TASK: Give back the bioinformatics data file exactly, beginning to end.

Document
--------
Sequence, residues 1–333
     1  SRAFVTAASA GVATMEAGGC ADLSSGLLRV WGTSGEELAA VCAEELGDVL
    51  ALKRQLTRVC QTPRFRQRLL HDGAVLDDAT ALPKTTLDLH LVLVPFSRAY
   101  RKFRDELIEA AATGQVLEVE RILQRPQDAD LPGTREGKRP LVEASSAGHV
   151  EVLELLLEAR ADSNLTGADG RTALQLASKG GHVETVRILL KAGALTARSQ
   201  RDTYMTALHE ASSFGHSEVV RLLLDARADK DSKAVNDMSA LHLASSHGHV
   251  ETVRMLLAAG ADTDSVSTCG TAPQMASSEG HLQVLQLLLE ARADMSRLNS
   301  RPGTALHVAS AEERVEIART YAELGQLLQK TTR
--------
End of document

Sequence, residues 1–333
     1  SRAFVTAASA GVATMEAGGC ADLSSGLLRV WGTSGEELAA VCAEELGDVL
    51  ALKRQLTRVC QTPRFRQRLL HDGAVLDDAT ALPKTTLDLH LVLVPFSRAY
   101  RKFRDELIEA AATGQVLEVE RILQRPQDAD LPGTREGKRP LVEASSAGHV
   151  EVLELLLEAR ADSNLTGADG RTALQLASKG GHVETVRILL KAGALTARSQ
   201  RDTYMTALHE ASSFGHSEVV RLLLDARADK DSKAVNDMSA LHLASSHGHV
   251  ETVRMLLAAG ADTDSVSTCG TAPQMASSEG HLQVLQLLLE ARADMSRLNS
   301  RPGTALHVAS AEERVEIART YAELGQLLQK TTR